Space Physiology

Front Cover
Oxford University Press, Feb 9, 2006 - Medical - 304 pages
The success of any space flight mission depends not only on advanced technology but also on the health and well-being of crew members. This book, written by an astronaut physician, is the first practical guide to maintaining crew members health in space. It combines research results with practical advice on such problems as bone loss, kidney stones, muscle wasting, motion sickness, loss of balance, orthostatic intolerance, weight loss, and excessive radiation exposure. Additional topics include pre-flight preparation, relevant gender differences, long-duration medical planning, post-flight rehabilitation, and the physiology of extra-vehicular activity. Designed as a handbook for space crews, this text is also an invaluable tool for all the engineers, medical personnel, and scientists who plan and execute space missions.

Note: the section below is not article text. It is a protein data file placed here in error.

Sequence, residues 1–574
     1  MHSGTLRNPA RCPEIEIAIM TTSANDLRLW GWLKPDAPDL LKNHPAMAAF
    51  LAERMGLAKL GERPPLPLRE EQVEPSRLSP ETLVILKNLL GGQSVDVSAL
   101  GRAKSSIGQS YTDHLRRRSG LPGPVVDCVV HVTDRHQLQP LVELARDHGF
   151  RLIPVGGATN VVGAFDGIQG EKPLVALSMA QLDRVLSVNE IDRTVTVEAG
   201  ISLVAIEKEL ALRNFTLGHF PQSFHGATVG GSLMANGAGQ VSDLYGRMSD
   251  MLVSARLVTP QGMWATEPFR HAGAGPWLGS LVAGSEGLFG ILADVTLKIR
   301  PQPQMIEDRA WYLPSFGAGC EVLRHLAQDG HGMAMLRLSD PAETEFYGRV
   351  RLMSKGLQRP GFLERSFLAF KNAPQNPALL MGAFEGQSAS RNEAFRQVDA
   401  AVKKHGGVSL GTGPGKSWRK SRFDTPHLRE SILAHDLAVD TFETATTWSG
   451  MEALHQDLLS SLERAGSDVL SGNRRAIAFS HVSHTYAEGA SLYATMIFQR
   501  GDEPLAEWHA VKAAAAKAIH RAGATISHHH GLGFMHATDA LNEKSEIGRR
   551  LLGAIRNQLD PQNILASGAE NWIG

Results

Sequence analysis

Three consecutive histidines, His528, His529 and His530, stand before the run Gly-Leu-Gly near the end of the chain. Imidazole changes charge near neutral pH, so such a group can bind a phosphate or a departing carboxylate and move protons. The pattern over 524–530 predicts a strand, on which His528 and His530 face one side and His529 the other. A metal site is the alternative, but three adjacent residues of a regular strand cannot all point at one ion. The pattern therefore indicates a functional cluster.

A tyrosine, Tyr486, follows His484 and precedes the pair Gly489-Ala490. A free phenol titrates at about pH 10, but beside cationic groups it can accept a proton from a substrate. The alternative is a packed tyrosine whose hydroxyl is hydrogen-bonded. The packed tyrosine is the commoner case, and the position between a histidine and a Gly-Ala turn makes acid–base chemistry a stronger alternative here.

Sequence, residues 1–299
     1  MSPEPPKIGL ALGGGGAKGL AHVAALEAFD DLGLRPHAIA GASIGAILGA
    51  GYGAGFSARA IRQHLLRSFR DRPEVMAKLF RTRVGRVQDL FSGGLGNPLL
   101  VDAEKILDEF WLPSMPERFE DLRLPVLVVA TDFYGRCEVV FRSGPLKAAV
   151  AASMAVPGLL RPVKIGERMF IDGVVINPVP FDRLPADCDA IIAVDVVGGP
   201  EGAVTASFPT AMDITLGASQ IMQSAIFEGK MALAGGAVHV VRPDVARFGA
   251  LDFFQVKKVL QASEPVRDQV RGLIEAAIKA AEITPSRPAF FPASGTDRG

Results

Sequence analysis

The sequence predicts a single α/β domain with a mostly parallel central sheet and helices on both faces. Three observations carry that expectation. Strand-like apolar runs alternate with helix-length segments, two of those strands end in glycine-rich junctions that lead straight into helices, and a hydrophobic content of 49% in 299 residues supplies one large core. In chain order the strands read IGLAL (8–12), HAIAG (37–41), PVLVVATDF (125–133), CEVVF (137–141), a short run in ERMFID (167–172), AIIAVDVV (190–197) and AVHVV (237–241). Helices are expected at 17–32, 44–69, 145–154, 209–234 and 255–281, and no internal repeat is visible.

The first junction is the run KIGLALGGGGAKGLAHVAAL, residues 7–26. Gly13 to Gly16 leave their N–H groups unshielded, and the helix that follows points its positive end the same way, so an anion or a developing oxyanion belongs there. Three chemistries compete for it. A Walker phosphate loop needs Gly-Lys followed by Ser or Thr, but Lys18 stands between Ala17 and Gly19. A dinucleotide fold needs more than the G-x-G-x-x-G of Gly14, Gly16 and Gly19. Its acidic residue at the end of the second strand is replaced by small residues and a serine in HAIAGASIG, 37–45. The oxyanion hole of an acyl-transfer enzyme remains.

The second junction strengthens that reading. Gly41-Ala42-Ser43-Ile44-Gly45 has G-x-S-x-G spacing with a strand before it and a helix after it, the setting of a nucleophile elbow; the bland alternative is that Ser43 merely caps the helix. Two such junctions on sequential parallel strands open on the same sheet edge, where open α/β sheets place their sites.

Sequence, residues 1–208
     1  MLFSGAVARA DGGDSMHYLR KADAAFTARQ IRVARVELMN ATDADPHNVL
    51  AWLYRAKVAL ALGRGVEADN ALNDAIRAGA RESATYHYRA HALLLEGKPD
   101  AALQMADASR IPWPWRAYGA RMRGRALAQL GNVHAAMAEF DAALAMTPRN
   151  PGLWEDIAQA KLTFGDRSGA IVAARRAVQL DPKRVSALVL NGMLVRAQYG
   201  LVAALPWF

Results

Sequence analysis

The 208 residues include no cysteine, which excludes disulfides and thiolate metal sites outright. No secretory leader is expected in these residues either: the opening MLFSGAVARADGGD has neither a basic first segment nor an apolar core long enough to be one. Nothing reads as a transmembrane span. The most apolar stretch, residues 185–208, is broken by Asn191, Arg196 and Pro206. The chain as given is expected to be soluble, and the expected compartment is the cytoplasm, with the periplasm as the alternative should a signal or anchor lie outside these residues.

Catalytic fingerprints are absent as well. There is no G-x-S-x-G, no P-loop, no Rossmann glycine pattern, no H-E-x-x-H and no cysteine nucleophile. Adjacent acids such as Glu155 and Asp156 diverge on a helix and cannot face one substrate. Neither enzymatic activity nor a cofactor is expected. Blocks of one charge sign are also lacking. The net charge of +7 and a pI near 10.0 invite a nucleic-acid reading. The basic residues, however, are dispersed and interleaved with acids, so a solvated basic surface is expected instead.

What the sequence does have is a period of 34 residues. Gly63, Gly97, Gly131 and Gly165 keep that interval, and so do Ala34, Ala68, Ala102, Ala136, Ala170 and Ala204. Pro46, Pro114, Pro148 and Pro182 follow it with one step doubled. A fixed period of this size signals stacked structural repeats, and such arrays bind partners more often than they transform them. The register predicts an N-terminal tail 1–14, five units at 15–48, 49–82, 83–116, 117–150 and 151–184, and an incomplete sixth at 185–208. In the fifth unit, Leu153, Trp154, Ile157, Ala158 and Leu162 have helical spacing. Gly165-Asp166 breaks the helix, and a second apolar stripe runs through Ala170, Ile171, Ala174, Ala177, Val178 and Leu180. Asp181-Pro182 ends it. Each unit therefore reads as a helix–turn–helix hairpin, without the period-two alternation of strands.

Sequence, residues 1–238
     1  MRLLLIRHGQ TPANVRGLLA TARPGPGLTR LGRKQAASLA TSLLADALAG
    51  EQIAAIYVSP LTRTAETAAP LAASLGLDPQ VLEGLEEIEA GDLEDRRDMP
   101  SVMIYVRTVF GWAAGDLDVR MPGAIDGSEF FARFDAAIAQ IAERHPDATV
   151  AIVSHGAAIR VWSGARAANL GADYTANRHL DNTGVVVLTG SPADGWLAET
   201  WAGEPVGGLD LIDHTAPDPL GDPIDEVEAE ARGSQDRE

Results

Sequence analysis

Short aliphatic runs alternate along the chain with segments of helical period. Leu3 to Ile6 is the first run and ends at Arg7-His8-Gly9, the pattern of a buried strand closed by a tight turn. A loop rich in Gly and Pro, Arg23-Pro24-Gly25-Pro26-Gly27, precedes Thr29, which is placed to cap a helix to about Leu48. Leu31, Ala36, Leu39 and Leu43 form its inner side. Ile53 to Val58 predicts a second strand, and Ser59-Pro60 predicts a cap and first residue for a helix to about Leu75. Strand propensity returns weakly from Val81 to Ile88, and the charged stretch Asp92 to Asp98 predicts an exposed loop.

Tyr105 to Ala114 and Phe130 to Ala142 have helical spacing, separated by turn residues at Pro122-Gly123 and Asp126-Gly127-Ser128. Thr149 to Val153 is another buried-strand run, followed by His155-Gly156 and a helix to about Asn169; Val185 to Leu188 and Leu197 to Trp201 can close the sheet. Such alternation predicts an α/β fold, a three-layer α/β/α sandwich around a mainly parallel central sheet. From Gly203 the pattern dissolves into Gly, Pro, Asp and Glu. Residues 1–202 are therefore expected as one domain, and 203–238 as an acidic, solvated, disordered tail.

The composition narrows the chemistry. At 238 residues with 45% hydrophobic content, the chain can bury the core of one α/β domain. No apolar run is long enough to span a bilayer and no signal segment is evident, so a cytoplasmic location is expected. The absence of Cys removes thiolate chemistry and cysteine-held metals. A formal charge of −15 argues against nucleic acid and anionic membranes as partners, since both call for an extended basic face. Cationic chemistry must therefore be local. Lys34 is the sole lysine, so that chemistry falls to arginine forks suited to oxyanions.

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Contents

Establishing a Safe Level
53
A Practical Approach to Maintaining Strength
77
Performing EVA Safely
101
Neurovestibular Effects of Spaceflight and Their Operational Consequences
119
Atrophy Arrhythmias and Orthostatic Intolerance
139
Maintaining Body Mass and Preventing Disease
169
Prevention and Treatment
187
Identifying and Managing the Relevant Differences
207
Preparation and Rehabilitation
223
Medical Care on the Way to the Moon and Mars
239
Index
267
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About the author (2006)

Jay C. Buckey, Jr., M.D. is Associate Professor of Medicine, Dartmouth Medical School, and Team Lead, Technology Development Team, National Space Biomedical Research Institute. He was a payload specialist astronaut on the STS-90, Neurolab Space Shuttle mission.

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